Saturday, October 23, 2004


Josh Marshall noticed this, but I'll follow up. One of the most sensitive charges against the Bush Administration is Kerry's claim that we had Osama Bin Laden surrounded at Tora Bora and let him get away in large part via outsourcing. All sorts of Administration flaks have tried to call this claim "outrageous" so you know its true. Whenever the White House gives the "Dick Clark" treatment (and I don't mean botox) to somebody you know its fighting the truth.

Peter Bergen is one of the world's formost journalistic authorities on Bin Laden, and on his blog now, is this damning article about the affair. Distribute widely if you can:

Was al Qeada's leader at Tora Bora? According to a widely-reported background briefing by Pentagon officials in mid-December 2001 there was "reasonable certainty" that bin Laden was indeed at Tora Bora, a judgment based on intercepted radio transmissions. Moreover, Luftullah Mashal, a senior official in Afghanistan's Interior Ministry, told me that based on conversations he had with a Saudi al Qaeda financier and bin Laden's chef, both of whom were at the battle, bin Laden was at Tora Bora. And Palestinian journalist, Abdel Bari Atwan, a consistently accurate source of information about al Qaeda, has reported that bin Laden was wounded in the shoulder at Tora Bora. Indeed, in an audiotape released on al Jazeera television last year bin Laden himself recounted his own memories of the battle. "We were about three hundred holy warriors. We dug one hundred trenches over an area of one square mile, so as to avoid the huge human losses from the bombardment." In short, there is plenty of evidence that bin Laden was at Tora Bora, and no evidence indicating that he was anywhere else at the time.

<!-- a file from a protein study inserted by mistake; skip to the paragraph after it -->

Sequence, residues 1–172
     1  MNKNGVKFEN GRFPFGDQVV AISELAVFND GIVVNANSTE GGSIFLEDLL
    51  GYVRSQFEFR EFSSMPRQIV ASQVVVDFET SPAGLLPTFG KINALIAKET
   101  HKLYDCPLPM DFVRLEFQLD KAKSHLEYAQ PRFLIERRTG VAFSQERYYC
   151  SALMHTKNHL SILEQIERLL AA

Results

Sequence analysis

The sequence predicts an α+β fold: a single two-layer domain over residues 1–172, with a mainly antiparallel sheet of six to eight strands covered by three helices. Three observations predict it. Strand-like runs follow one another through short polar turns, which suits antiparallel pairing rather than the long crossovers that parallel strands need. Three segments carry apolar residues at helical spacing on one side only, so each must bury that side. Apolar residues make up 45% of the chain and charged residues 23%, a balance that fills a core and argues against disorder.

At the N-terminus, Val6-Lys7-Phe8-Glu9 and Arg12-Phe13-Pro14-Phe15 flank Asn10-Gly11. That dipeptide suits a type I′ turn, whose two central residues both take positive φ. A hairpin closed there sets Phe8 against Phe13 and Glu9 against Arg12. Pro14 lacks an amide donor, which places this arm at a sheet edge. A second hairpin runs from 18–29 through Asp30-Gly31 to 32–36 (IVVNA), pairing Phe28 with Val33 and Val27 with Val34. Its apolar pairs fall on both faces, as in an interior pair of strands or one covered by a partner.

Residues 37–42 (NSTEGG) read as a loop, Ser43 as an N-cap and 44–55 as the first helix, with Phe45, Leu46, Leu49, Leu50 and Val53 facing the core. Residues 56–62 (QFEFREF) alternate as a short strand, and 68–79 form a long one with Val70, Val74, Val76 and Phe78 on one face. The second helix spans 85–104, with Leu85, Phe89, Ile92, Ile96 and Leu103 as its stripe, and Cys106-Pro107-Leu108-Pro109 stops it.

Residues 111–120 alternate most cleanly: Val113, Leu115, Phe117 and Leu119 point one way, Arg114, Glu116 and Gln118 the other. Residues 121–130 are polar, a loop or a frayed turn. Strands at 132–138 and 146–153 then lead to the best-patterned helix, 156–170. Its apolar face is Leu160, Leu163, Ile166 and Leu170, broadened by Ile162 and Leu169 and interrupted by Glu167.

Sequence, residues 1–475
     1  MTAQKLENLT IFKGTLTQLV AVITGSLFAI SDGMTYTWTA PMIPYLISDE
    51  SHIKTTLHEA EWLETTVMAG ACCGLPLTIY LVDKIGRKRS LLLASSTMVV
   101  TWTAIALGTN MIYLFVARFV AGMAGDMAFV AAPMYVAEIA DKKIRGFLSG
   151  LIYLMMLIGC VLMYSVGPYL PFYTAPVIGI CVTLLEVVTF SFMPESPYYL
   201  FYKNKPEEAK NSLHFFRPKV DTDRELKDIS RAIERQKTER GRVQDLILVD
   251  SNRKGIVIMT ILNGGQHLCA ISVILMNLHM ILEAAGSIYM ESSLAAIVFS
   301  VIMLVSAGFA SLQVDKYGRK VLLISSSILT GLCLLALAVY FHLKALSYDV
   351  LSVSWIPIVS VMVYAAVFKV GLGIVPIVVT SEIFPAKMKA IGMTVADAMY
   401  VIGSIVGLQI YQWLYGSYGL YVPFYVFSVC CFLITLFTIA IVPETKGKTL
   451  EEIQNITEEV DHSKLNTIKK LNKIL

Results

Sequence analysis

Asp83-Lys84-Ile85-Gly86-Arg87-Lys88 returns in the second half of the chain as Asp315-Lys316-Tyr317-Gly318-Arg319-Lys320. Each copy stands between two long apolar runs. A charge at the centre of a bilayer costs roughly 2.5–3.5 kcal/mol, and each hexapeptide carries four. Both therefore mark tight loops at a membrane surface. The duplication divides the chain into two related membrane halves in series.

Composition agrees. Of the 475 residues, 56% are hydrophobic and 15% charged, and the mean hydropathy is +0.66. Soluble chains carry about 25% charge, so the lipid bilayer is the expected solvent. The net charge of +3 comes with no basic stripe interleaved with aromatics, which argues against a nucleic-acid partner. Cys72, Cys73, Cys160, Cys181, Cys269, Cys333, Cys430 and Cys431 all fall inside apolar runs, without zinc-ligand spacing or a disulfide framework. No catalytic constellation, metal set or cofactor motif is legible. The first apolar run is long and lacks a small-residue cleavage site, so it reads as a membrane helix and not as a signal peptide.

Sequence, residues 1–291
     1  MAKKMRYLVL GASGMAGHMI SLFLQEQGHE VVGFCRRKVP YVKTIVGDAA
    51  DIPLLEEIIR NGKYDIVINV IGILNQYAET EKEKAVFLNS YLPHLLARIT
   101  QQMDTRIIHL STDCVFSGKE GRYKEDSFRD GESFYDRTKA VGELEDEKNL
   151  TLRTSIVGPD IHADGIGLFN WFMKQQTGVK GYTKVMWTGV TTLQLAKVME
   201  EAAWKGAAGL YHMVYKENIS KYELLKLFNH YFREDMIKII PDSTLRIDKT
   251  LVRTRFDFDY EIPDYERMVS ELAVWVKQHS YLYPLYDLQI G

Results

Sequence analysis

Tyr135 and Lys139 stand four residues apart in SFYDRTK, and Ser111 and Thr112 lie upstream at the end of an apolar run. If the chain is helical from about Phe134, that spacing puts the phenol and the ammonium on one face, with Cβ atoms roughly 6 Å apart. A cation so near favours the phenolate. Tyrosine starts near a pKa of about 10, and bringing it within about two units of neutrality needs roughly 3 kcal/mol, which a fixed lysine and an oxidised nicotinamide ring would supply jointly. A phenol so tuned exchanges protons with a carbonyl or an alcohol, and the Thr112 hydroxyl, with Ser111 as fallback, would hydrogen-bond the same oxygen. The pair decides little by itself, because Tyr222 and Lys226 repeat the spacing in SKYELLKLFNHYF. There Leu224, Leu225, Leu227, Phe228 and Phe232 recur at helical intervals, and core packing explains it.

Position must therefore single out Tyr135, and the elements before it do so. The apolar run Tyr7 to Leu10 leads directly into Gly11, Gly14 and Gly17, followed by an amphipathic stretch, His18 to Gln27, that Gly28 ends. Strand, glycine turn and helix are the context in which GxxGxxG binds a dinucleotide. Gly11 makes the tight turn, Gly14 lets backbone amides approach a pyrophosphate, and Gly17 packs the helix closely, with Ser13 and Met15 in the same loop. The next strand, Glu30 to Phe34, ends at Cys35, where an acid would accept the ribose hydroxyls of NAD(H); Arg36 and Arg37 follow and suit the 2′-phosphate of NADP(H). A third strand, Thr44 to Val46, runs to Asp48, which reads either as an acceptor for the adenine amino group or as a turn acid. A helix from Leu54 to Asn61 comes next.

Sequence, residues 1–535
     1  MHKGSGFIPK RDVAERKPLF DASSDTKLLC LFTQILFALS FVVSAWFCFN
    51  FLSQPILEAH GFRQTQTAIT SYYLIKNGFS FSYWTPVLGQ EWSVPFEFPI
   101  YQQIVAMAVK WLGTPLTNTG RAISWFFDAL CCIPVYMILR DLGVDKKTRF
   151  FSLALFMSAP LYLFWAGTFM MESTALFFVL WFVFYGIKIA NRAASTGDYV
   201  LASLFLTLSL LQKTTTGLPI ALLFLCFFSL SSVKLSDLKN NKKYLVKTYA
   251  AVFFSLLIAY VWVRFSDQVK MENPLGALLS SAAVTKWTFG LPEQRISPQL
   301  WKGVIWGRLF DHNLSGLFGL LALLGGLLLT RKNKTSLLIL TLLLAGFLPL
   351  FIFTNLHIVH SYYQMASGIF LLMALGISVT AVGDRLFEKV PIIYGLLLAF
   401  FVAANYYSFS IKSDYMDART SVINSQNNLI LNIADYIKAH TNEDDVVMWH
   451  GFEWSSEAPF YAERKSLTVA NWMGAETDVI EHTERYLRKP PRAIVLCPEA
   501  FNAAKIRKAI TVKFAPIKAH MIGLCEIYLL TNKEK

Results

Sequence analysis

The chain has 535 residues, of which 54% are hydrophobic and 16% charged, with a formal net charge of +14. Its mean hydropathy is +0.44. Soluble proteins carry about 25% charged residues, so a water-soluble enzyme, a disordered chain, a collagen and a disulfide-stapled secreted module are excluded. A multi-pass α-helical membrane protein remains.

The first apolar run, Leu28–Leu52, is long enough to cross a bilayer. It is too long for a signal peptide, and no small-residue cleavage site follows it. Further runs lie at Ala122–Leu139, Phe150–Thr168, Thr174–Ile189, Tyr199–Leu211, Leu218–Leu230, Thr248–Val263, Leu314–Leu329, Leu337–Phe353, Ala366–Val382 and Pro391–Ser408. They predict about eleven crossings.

That being the case: Did the U.S. military screw up a golden opportunity to capture bin Laden, during the one moment in the past three years that his location was known? There is no debating the fact that US "outsourced" the Tora Bora operation to local Afghan warlords. According to Commander Muhammad Musa, who commanded six hundred Afghan soldiers on the Tora Bora frontline, while the American bombing campaign was very effective, US forces on the ground were small in number and ineffective: "There were six American soldiers with us. My personal view is if they had blocked the way out to Pakistan, al Qaeda would not have had a way to escape." And that's the key problem. There were only a relatively few American 'boots on the ground' at Tora Bora, enabling bin Laden and hundreds of other members of al Qaeda to melt away and fight another day.

Why did the United States military--the most powerful armed force in history-- not seal off the Tora Bora region, instead relying only on a handful of US Special Forces on the ground? Historians will no doubt be debating that question for many years, but part of the answer is that the US military was a victim of its own success. Scores of US Special Forces soldiers calling in air-strikes, in combination with thousands of Afghans on the ground, overthrew the Taliban in a few weeks of fighting; a textbook case of unconventional warfare. However, this approach was a failure at Tora Bora where large numbers of Americans on the ground were needed to throw up an effective cordon around al Qaeda's leaders.

Apologists for the US military failure at Tora Bora will no doubt provide several compelling reasons why this was the case, including a lack of airlift capabilities from the US base in neighboring Uzbekistan. However, such explanations are hard to square with the fact that hundreds of journalists managed to find their way to Tora Bora, a battle covered on live television by the world's leading news organizations. If Fox, CNN and NBC could arrange for their crews to cover Tora Bora it is puzzling that the US military could not put more boots on the ground to find the man who was the intellectual author of the 9/11 attacks. And in that sense, Sen. Kerry's charge that Tora Bora was a missed opportunity to bring bin Laden to justice isn't "garbage", but an accurate reflection of the historical record.

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